9. Apparatus comprising an electrically nonconductive barrel, said barrel comprising a drum and a head at one end of the drum, said barrel being split longitudinally into two sections each including half the drum and half the head, and a generally U-shaped electrode having its leg portions secured between the margins of the drum portions of said sections and its base portion secured between the margins of the head portions of said sections, said electrode having an inner rim portion projecting into the interior of the barrel.
10. Apparatus as set forth in claim 9 wherein the barrel sections have outwardly projecting flanges all around their margins between which the electrode is detachably clamped.
11. Apparatus as set forth in claim 10' wherein the electrode has an electrical insulation coating on the portion thereof clamped between the flanges, the inner rim of the electrode being bare.
12. Apparatus as set forth in claim 9 wherein the head portions of the barrel sections are oppositely inclined relative to the barrel axis.
13. Apparatus as set forth in claim 12 wherein the barrel sections have outwardly projecting flanges all around their margins between which the electrode is detachably clamped, the electrode having an electrical insulation coating on the portion thereof clamped between the flanges, said coating, on the portion of the electrode at the head end of the barrel, having oppositely inclined inner edges on opposite faces thereof in correspondence with the opposite inclination of the head portions of the barrel.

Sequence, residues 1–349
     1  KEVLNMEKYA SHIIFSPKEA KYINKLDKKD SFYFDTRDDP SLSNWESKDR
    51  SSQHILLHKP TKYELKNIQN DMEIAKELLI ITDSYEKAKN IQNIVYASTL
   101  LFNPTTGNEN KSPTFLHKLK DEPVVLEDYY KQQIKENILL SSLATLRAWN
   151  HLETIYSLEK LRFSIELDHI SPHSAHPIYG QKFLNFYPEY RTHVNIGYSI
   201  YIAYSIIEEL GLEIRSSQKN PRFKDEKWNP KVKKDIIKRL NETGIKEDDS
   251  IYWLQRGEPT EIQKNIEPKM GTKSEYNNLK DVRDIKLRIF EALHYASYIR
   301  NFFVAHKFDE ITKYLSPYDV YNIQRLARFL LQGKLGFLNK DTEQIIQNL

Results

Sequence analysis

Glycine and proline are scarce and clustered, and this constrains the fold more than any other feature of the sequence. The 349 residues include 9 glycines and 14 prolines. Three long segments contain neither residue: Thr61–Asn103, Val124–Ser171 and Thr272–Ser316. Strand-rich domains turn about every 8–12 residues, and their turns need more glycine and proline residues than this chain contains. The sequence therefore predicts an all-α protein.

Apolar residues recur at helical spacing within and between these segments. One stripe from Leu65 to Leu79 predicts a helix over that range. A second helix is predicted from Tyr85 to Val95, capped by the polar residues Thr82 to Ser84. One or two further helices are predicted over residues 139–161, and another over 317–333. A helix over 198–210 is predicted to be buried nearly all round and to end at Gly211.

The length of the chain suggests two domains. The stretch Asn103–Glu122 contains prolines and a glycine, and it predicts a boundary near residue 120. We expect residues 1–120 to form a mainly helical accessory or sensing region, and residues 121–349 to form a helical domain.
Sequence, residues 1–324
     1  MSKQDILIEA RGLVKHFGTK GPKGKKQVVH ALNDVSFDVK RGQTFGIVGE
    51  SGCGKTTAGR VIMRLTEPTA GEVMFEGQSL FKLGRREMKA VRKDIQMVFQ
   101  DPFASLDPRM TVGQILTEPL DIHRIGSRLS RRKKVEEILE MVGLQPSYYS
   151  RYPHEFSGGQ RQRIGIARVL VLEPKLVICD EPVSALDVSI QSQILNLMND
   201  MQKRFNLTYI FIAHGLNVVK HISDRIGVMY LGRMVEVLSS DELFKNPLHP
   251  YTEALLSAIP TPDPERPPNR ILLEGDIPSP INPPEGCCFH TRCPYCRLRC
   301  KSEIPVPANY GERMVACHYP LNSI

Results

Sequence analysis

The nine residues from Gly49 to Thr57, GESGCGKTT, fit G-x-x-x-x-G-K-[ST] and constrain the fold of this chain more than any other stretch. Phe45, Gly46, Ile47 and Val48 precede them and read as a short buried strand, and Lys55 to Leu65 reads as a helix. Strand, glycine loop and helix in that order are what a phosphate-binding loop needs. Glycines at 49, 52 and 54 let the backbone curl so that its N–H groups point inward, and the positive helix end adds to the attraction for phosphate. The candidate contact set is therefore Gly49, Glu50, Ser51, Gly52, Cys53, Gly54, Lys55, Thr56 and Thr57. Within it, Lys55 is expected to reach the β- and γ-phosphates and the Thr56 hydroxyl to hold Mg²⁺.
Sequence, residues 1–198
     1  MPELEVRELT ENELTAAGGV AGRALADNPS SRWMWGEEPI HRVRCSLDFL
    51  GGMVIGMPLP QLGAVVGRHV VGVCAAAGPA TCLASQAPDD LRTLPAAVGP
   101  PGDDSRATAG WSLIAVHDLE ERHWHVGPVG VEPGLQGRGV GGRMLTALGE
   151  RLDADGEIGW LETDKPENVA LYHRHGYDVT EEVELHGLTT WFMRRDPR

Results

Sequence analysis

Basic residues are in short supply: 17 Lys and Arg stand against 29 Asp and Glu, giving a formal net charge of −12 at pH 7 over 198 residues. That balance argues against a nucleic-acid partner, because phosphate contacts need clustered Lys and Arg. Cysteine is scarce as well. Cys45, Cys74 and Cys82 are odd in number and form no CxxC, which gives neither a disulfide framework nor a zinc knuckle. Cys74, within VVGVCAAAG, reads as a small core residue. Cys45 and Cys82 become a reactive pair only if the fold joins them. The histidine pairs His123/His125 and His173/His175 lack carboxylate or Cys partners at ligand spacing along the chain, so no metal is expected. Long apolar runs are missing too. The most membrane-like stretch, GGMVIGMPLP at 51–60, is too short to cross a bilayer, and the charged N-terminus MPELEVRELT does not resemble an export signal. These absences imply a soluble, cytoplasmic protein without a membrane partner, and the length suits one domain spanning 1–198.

1 0 References Cited UNITED STATES PATENTS 1,165,346 12./1915 Schulte 204-213 1,744,792 1/1930' Newey et a1 204213 1,790,289 1/1931 Thompson 204-213 3,328,281 6/ 1967 Marshall 204-279 3,244,613 4/ 1966 Karlquist 204-297 3,256,170 6/1966 Neilson 204213 FOREIGN PATENTS 834,575 11/1938 France. 1,220,432 1/ 1960 France. 1,040,869 10/ 1958 Germany.
17,384 9/1907 Great Britain.
US. Cl. X.R. 204279